Hmmm. So YOU’RE the puppy. Hmmm (try to hear in a snooty voice)
July 18th of 2011 was a Monday, and Jeff and I were driving down to the Double Gap Farm in North Carolina to pick up our 9 week old Entlebucher Mountain Dog puppy. Her litter name was “Pink Camo,” and I only had one little photo of her face to get me through the weeks leading up to our meeting date. That Monday, we planned to drive most of the way there from northeast Ohio, spend the night at a hotel, and then pick up the puppy on Tuesday. I remember that Monday vividly. I had just been diagnosed with shingles that very morning, and at my appointment, the doctor asked me, “are you particularly stressed at this time?” Oh boy, was I. I felt broken, defeated, and now I had a limp from the shingles pain down my left leg to show for it.
Jeff and I spent the night at Fairfield Inn that night, and I remember our conversation as we fell asleep. “Can you believe we’re getting a dog?” “This is the last night as just the two of us. Tomorrow, we will be three.” One of the things in my memory is Jeff practicing what he would say when he met Pink Camo for the first time: “Hmmm. So YOU’RE the puppy!” He said this in a dismissive way with such a snooty voice and his nose up in the air. Then he cracked up laughing at his own ridiculous scenario. I think I might even have a video of him saying that phrase in front of Maris on our drive back home from North Carolina.
When we got to the farm, the double gate opened, and we drove in. As I got out of the car, I saw Pink Camo playing with an older Labrador. In the back of my mind, I knew that the small puppy was our dog – she was the only one left in the litter because the others had been picked up. But I diverted my attention to the Labrador (?!) and started petting the older dog. Jeff said,”that’s our puppy. That’s her right there!” I sheepishly went over and acquainted myself with her… and picked her up from the ground into my arms. She never set foot on North Carolinian soil again because that was it – once she was in my arms, she was in it forever.
As we drove down to Danville, Ohio to pick up Lucas, I wondered about that moment eleven years ago. Why was I hesitant to pick up Maris instantly? Wasn’t I looking forward to the dog? Why did I go first to the Labrador? Thinking deeply about that moment and the anticipation, I think I was afraid to be too excited about Maris at the time. I was afraid of how much I would love her. So it was really my defensive mechanism that kept me from running to her upon first sight and sweeping her off of her paws. That bit of hesitation was my fear of rejection. Yes, friends… eleven years ago, I was afraid of being rejected by a puppy. It was a low point in my life, shingles and all.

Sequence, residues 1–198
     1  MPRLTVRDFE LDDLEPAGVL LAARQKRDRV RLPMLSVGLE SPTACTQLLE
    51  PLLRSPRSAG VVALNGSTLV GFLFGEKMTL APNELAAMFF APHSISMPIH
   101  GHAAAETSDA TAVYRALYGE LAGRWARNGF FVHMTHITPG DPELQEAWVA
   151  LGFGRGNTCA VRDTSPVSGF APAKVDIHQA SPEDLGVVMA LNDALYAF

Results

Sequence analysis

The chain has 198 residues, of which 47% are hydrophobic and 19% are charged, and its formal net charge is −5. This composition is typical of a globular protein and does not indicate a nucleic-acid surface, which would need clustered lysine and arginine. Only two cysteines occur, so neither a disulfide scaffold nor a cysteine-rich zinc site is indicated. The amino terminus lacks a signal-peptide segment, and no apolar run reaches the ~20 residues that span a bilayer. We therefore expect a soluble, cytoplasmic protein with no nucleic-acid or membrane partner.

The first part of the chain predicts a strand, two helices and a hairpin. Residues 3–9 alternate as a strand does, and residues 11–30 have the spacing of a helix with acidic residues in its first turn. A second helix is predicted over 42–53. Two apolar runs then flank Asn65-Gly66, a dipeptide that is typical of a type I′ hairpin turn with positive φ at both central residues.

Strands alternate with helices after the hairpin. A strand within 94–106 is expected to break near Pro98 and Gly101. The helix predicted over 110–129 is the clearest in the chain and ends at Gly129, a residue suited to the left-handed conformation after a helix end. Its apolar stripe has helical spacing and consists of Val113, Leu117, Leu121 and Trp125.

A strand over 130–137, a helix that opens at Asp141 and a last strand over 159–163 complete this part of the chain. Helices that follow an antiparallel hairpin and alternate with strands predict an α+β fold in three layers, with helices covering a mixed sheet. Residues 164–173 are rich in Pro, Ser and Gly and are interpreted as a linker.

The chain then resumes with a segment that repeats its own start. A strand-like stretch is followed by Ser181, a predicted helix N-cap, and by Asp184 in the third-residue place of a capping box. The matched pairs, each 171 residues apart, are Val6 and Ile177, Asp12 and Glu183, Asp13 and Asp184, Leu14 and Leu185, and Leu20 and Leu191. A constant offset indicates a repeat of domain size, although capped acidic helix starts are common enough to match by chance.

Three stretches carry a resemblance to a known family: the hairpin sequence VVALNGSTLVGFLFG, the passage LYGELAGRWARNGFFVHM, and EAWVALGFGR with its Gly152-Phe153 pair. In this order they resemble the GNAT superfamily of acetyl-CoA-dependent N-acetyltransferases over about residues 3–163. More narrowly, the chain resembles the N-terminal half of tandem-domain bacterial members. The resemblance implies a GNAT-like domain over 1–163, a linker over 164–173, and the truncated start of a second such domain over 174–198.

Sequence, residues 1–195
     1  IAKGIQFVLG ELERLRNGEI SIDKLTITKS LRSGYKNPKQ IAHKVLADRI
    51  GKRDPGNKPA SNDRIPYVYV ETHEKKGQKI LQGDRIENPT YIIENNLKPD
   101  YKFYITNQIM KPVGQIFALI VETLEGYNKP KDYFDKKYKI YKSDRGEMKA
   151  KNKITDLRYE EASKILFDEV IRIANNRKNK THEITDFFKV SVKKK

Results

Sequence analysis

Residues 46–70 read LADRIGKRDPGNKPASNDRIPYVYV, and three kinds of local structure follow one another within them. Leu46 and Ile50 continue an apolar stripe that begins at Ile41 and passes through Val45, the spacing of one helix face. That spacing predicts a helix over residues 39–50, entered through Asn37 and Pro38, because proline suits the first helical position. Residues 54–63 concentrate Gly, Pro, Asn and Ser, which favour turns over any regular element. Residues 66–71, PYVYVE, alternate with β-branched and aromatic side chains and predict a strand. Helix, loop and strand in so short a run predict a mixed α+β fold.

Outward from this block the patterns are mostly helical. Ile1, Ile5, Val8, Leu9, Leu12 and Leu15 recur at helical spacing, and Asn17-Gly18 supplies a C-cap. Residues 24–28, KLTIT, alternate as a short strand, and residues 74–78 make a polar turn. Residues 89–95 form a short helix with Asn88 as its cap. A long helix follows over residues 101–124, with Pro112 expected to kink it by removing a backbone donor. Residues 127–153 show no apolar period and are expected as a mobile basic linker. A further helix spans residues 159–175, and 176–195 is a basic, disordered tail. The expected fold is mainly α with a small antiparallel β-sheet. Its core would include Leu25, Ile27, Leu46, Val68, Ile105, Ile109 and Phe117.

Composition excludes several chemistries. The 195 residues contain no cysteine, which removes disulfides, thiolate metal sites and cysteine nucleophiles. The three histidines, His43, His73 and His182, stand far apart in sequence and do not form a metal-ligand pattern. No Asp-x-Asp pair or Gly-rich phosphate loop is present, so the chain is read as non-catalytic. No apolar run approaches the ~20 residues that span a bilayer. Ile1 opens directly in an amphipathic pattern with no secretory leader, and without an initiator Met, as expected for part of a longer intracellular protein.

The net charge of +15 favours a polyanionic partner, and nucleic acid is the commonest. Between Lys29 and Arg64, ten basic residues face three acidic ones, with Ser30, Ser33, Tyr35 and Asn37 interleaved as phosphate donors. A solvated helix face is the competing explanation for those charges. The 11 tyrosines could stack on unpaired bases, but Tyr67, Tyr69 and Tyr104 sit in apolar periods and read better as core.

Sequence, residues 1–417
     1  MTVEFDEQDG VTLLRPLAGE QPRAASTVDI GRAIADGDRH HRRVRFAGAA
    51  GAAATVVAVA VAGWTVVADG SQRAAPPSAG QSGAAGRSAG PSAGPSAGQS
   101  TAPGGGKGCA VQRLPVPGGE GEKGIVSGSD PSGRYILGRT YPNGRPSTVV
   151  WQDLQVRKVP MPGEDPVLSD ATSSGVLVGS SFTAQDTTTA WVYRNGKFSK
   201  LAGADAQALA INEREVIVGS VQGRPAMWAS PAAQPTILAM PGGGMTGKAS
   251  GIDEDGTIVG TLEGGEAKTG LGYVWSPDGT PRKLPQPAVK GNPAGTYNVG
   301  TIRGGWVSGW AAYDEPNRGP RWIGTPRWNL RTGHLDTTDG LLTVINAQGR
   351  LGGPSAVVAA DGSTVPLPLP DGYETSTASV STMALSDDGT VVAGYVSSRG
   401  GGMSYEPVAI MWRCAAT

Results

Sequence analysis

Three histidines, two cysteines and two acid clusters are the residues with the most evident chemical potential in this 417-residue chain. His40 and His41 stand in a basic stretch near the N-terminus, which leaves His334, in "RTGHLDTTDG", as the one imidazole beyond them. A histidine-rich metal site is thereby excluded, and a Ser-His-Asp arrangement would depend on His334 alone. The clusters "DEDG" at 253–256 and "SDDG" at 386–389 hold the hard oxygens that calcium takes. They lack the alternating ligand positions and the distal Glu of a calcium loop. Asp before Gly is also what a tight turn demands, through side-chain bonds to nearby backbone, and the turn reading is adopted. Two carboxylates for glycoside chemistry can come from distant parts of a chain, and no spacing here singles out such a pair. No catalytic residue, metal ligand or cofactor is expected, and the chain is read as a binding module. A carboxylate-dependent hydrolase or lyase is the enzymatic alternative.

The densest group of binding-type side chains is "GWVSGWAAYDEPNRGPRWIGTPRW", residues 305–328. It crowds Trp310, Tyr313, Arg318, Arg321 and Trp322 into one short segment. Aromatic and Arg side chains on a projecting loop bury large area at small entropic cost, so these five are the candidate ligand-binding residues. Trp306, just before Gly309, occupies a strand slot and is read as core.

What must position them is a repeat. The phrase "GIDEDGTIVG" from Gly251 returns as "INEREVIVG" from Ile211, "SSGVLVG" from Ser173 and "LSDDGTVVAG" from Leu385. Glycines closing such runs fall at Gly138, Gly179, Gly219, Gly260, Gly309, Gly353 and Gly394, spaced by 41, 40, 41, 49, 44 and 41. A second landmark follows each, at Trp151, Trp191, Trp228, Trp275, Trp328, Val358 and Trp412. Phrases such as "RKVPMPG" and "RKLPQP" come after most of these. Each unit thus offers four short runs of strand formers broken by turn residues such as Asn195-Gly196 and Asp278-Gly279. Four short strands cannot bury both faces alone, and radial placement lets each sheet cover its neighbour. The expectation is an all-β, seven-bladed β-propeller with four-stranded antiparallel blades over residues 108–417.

When we arrived at the farm last Saturday, the farm dog “Angel” greeted us again. While I played with Angel, the breeder came out of the house holding Lucas in her arms. This time around, I didn’t hesitate. I marched over to Pam and reached out for Lucas. He was scared, but he looked at me, and I at him. It was love at first sight. He licked my face even though he had only known me for a few minutes. I held him tight while we spoke with the breeder, until I got into the back seat of my car (Jeff was driving back), and put Lucas in his car seat for the long drive home. I don’t think Lucas will be back in Danville… unless he wants to go herd Pam’s sheep.
I guess one thing that is different about me from 11 years ago is that I don’t feel the need to protect myself from loving something too much. Maris never rejected me (well, except for when she thought my kisses were too much), and I never had anything to fear. I think Lucas is the same. This time, I didn’t hold anything back. And perhaps that is something Maris taught me over the years. I learned to love her with all my heart while she was with us, even if she didn’t want that last kiss that I so wished to plant on her forehead.